JAMAICA, Queens (WABC) -- As the seasons change, the LIRR has to change with them. In the fall, that means contending with falling leaves.
Brad Jenkins runs the railroad's Hillside Maintenance Facility.
"For the engineer, it must be a scary, scary moment to feel that slippage and realize that you're sliding," said Jenkins.
The season begins now and runs into December as the leaves begin to pile up. It is not enough to clear the tracks. The oily residue left behind causes real problems for commuter trains.
The laser blasts the residue off the rails, and the difference is obvious. Once an experimental technique that will be put to use on the railroad for the first time.
Two power-washing trains will also be deployed throughout the system.
"Typically the North Shore lines that have a lot more trees, a lot more leaf droppers, those are the ones that get affected the most," said John Austin.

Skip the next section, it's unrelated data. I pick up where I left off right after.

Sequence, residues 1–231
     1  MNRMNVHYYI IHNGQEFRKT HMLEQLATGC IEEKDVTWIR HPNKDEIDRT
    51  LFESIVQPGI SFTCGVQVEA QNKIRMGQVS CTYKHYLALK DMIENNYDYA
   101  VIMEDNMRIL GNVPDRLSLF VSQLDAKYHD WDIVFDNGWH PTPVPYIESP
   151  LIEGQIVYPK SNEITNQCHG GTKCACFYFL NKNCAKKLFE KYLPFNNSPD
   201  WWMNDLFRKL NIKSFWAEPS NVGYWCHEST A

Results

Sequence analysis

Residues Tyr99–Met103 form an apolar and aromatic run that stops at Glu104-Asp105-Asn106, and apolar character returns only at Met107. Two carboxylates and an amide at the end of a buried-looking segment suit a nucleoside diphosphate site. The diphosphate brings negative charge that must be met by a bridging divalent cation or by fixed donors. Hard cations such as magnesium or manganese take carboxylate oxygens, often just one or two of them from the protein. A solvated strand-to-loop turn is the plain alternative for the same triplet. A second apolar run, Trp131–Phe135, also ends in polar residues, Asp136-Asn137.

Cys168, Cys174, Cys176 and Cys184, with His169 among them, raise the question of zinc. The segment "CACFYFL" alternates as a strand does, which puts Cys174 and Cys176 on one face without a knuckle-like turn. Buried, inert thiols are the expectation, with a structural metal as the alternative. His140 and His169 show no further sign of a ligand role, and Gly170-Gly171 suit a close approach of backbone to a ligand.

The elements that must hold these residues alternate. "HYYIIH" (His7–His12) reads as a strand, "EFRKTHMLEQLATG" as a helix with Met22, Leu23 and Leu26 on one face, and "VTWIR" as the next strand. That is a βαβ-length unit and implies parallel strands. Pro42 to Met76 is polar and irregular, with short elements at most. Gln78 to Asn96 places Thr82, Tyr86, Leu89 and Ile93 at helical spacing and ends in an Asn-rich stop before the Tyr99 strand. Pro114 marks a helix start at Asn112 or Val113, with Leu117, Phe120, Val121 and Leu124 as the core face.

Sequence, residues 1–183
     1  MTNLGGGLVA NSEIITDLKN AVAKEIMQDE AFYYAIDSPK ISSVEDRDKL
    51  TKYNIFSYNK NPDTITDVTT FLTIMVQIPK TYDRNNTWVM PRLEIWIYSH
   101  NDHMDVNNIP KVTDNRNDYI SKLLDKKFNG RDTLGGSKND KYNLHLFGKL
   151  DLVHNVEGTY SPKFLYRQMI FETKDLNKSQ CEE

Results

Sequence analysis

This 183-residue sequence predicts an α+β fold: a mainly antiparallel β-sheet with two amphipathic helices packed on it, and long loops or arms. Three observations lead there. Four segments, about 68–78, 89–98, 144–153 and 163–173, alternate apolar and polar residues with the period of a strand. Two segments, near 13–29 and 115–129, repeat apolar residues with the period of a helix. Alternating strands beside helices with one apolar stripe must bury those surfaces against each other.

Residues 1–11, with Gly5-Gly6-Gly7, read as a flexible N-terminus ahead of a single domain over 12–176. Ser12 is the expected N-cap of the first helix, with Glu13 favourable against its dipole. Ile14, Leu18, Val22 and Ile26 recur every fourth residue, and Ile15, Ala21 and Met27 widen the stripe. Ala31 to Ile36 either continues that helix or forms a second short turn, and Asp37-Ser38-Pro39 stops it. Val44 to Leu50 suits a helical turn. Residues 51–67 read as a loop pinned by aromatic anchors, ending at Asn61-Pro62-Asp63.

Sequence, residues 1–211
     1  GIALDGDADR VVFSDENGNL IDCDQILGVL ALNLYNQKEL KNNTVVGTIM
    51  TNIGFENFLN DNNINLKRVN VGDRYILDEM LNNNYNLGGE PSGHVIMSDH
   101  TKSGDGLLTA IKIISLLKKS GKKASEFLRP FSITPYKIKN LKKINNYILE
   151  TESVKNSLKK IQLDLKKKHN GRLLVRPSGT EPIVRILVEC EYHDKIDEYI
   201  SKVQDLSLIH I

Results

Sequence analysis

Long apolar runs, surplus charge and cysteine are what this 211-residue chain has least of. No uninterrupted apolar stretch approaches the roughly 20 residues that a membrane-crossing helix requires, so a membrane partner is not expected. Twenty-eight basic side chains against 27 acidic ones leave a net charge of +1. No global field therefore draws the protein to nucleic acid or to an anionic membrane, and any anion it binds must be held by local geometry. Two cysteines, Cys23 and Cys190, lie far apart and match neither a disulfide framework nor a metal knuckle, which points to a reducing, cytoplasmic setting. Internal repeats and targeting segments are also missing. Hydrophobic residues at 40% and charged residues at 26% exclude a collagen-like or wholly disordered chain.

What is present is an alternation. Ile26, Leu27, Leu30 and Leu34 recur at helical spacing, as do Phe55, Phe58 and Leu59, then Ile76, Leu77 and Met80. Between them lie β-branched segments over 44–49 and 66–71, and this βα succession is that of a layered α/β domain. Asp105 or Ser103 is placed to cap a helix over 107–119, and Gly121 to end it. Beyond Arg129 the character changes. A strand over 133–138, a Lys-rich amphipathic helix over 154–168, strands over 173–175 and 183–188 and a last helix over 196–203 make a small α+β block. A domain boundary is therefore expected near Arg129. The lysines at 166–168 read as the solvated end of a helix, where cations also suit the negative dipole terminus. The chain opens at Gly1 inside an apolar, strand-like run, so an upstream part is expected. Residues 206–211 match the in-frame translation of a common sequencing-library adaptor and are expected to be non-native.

When a train slides along the rails, that friction creates a flat spot on the metal wheels of the railcar. It is the railroading equivalent of a flat tire, and those wheels need to be made round again.
The railroad is stepping up efforts to repair the wheels faster. Additional machines will allow the work to be completed faster, reducing delays and making for more comfortable rides for passengers.
So, will riders notice a difference?
"I hope so - that's our goal," added Austin.
Improvements intended to make for a safer, more reliable commute.
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How the LIRR is keeping tracks free of leaves this fall
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